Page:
Are palms actually trees?

Let’s try to answer one of the big questions we ask ourselves when thinking about palm trees: Are they really trees?

Unlike in most other languages, in English they are usually called directly palm trees. But, as in any semantic debate, we must bear in mind that we will be walking on eggshells. The answer will basically depend on the definition we give to the word “tree”. In any case, let the fight begin!

Most dictionaries define a tree as “a woody perennial plant, typically having a single stem or trunk growing to a considerable height and bearing lateral branches at some distance from the ground.” (Oxford Dictionary) There is no doubt that a palms are plants, and in fact they are often quite tall. So far, we might think that palm trees fit the definition of a tree. There are, however, two other basic criteria that define the tree: first, its woody stem, and second, that they ramify at a certain height. Below we will carefully analyze both criteria to see if indeed palm trees are trees.

Do palm trees have a woody stem?

There is no shadow of a doubt that palms have a tall and columnar stem, which can reach tens of meters. What is not so clear is whether it is made of wood or not. In fact this is a difficult question to answer and again it depends on what we consider as wood. It is often argued that the stem of palm trees is not woody, since palm trees do not have a cambium (the tissue responsible for the secondary growth of classical trees). In plainer words, it is often thought that a characteristic of trees is that their trunks grow in width throughout their lives, while the stems of palms certainly do not have that capacity. Unlike (all other) trees, palms are not Dicotyledons, but are grouped in the Monocot group toghether with grasses, cereals, and bamboos, all plants without such secondary growth. However, this is an argument taken with a pinch of salt: It is true that the stems of some palm trees, such as Copernicia alba, have a high density and are considered timber used in carpentry. It is also true that the stems of palm trees are lignified (contain lignin fibers). Therefore, it cannot be ruled out outright that palm trees are a “high, woody-stemmed plant.”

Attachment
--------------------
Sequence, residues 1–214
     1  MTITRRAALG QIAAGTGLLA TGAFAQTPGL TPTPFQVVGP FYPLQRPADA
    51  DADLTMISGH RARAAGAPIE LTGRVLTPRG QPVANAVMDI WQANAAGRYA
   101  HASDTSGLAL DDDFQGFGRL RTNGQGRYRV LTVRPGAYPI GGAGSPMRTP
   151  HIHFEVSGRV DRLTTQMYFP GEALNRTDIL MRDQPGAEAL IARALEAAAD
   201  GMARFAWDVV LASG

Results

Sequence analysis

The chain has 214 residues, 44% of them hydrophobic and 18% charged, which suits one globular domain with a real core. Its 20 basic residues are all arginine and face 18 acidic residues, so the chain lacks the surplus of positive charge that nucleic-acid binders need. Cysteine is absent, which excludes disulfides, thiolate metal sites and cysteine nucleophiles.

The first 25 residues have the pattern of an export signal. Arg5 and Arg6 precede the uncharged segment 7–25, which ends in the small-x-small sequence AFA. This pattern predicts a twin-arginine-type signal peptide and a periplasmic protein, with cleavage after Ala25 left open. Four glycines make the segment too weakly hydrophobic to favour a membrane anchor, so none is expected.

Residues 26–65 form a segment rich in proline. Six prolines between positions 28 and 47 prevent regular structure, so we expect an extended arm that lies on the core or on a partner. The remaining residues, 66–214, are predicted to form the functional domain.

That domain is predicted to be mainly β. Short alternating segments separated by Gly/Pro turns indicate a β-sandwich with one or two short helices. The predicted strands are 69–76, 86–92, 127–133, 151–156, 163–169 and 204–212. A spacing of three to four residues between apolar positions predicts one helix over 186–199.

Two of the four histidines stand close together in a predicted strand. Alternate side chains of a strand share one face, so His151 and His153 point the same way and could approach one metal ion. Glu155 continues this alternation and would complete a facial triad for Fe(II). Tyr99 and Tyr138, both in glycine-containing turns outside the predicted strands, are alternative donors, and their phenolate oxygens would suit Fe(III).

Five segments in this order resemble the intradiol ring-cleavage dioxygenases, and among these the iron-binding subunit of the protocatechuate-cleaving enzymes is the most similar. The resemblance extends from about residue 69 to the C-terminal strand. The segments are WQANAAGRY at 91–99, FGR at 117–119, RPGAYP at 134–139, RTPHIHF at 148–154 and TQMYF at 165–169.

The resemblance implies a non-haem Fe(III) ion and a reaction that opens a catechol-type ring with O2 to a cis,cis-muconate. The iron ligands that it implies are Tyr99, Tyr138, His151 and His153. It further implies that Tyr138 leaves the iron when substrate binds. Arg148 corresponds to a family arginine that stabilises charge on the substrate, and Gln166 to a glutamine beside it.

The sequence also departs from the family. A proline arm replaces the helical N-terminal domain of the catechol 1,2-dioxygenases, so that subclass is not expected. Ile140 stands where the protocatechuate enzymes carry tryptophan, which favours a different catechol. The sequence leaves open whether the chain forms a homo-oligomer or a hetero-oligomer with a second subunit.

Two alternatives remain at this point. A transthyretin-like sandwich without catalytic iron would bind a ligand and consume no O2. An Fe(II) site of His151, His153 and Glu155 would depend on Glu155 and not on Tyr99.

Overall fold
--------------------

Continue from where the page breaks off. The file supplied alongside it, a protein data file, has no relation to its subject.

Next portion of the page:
Do palm trees branch at a certain height?

This is actually the strongest argument for concluding that palm trees are not trees. We have discussed erlier the different growth forms of plants, focusing on secondary growth (stem growing in width). There is another characteristic that makes the growth of palm trees unique. And it is that the vast majority of palm trees have a single meristem (or group of cells responsible for growth in height) at the tip of each stem. Multi-stemmed palms, which form several stems from ground level, can have several of these meristems, but single-stemmed palms only have one, and if we rip off the bud of growing leaves the palm will simply not be able to continue growing, and therefore both will end up dying after a few months. Although, like all rules, there are exceptions (for example, in the case of the African palm trees of the Hyphaene genus shown in the photograph), we can affirm that as a rule, palm trees DO NOT “branch at a certain height from the ground”.

In conclusion,

palms undoubtedly have tree-like features, such as the fact that they are plants with a tall stem, others features are more open to discussion, such as the quality of having wood, and finally some do not fit the dictionary definition of a tree, such as the fact that their trunk is ramified into branches. But even in the latter case there are exceptional cases. Hence, while palms do not fit perfectly into the definition of a tree, it is very difficult to prove unequivocally that palms like Hyphaene are not trees. The debate remains open, clearly stuck in the grays of semantics, although biologically palms are Monocots and (the rest of) the trees are not.

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